Alessia Cara: Waiting for the album review

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Alessia Cara has made a career in chronicling the pains of growing up as a foreigner. She sang hymns for the lonely, the anxious, the self-proclaimed anti-social. Sometimes she wrote with sharp specificity; his breakout single, “here“, gave a panoramic view of a party from the point of view of the loner slumped by the TV with a low cap over her eyes. The song was a huge hit that sent her into the pop machine, and Shortly after signing with Def Jam, Cara released a stream of sanitized songs with Big Messages – the sickening “Scars to your beautiful“addressed to a girl who cuts herself, serious”Trust my lonerWas a cheesy ode to intuition. Her albums alternated between tracks that exploited her keen eye for detail and songs more suited to Disney soundtracks (Cara eventually featured on the Moana soundtrack). But her unmistakable voice and keen introspection made Cara a staple in the pop world, even as she struggled to define what kind of star she wanted to be.

Cara’s latest album, Waiting for, is an elegant ode to this intermediate state. It’s a record with set parameters: she looks after herself after a breakup, with a constant eye on whatever love might come next. It’s the best-written kind of album at the age of 25, and Cara grabs the depth when she tackles the first apprehensions about aging – “You live and you die,” she moans. Best Days “,” but the hardest pill to swallow is in the meantime. The song plays out much like the half-baked meditations on Lorde’s “Stoned at the nail salon“, taken from another album on the drift through a crisis of the quarter-life. The other clear parallel of the disc is that of Adele 25, another collection of invigorating breakthrough tracks and a time capsule for declining youth, backed up by breathtaking vocals.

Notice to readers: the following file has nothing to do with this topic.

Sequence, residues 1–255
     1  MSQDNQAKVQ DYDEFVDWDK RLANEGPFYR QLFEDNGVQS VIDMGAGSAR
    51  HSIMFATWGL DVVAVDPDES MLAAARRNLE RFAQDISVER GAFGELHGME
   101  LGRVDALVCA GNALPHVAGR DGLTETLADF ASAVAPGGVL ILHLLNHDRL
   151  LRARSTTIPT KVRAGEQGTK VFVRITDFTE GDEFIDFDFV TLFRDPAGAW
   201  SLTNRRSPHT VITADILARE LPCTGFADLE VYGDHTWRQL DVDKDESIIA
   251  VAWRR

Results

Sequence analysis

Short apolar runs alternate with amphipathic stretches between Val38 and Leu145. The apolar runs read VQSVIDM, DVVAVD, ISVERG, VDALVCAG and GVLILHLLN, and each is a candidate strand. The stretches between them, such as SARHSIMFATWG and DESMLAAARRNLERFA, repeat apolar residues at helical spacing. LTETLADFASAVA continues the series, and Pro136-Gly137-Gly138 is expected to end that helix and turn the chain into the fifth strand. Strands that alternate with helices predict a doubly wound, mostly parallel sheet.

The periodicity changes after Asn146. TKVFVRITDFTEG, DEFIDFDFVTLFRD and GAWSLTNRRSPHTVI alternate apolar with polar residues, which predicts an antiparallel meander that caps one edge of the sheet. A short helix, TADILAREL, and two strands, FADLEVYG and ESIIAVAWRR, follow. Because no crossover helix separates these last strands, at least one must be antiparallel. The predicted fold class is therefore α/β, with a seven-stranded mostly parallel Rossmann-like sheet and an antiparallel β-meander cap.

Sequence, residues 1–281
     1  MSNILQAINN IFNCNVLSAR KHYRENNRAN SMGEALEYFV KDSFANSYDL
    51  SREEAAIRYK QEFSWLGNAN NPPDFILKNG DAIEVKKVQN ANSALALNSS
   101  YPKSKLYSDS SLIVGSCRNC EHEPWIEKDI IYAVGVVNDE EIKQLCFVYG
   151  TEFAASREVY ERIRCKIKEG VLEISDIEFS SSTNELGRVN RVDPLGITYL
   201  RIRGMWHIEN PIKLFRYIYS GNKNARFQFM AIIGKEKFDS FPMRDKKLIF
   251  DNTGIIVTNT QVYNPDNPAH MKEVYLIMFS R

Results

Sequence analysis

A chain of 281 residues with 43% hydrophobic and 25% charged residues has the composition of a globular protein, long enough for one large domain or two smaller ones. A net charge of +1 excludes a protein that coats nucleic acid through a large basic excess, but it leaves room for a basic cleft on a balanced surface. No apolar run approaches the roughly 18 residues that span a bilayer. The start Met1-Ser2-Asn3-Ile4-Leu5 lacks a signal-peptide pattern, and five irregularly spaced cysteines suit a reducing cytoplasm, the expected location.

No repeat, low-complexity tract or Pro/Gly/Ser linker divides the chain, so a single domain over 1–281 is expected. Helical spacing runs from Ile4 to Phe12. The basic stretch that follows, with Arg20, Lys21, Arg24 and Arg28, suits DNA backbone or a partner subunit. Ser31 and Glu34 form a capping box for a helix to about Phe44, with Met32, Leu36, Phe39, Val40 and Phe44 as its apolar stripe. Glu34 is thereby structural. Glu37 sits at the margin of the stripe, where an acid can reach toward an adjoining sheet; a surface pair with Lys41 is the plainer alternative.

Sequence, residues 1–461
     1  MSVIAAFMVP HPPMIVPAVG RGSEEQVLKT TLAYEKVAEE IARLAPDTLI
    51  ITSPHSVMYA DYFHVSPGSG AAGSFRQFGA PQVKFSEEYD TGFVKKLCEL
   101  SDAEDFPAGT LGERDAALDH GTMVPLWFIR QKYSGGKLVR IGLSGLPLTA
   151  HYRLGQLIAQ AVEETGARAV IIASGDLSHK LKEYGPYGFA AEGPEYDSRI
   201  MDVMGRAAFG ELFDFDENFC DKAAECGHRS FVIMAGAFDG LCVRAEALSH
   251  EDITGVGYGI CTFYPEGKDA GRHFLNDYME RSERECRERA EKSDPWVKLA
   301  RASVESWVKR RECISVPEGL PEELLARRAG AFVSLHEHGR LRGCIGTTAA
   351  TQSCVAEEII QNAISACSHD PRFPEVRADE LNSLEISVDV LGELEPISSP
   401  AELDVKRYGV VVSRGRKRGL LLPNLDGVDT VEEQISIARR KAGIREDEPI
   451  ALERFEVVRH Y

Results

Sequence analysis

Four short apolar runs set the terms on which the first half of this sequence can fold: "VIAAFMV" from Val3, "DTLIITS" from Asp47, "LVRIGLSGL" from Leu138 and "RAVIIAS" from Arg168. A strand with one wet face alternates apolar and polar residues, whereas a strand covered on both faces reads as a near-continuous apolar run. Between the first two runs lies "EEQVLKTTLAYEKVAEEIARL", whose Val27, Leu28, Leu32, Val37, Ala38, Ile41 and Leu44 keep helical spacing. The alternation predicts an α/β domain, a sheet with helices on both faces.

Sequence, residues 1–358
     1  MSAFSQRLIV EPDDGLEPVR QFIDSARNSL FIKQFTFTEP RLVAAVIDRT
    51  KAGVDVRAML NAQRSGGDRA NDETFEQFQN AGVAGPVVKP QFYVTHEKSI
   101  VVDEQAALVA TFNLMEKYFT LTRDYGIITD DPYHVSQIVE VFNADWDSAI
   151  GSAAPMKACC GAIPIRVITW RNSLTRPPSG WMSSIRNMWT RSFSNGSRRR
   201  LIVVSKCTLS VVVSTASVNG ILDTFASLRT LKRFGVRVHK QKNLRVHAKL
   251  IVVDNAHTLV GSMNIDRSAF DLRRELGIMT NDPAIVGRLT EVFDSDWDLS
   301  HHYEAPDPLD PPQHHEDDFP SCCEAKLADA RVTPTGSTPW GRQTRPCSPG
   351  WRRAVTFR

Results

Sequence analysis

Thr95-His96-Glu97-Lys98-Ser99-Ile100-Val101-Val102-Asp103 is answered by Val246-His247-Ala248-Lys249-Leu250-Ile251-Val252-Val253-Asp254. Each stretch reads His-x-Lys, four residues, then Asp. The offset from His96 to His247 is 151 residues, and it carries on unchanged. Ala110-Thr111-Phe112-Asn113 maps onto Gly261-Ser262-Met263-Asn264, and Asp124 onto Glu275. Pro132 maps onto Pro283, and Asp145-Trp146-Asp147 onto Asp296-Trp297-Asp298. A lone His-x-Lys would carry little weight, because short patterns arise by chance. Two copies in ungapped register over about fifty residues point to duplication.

But where Adele sang a simple and painful sadness, Cara reveled in conflicting emotions. This is a feel it all album, and Cara goes through her own chaos with crisp writing. Take the crystalline one-liners that underpin his choruses: “I miss you, don’t call me;“”I am alone, you are someone else;“”I love you, but you let me down.She doesn’t get away with it either; some of Cara’s best writings on the album come when she names her doubt and delirium. “I fill in the blanks with my own pride / I tell myself you’re miserable without me,” she sings on “Somebody Else”. Her layered voices blossom into lush harmonies, intensifying the internal feel of the record.

The themes Cara explores here are moving and mature, but she dilutes them when she relies too much on metaphor and vanity. On “Find My Boy,” she auditions a cast of potential love interests – Brooklyn’s brother having a pizza, the “short and sweet” poet, the guy doing yoga on the beach – and the descriptions drag on. feather Beats. In “Drama Queen,” she compares a turbulent relationship to Hollywood’s ideals of love, but her quest for a “knight in shining armor” grows weary as the smooth drums advance. Cara spends much of the record analyzing her tangled reflections on her past relationship, a confusion of blame, desire, sting and need. Sometimes all of this conflict contrasts jarringly with the sound of the album: crisp, frictionless, pristine pop. She sings about holding back and hiding “explosive emotions” in “Box in the Ocean,” and the song itself hides them in bright trumpets and a reggae-inspired feel.

These catchy tracks are akin to the closer “Apartment Song”, a sparkling coda that shows Cara lounging alone. She spins around in her kitchen and scans the sky, she dances in front of the TV, she changes her number. Cara shines with clarity, exhalation and exhilaration. Especially for an artist who has sung so much about the pain of feeling alone, it’s delightful to hear her find happiness in solitude, clinging to fleeting joy for as long as she can.


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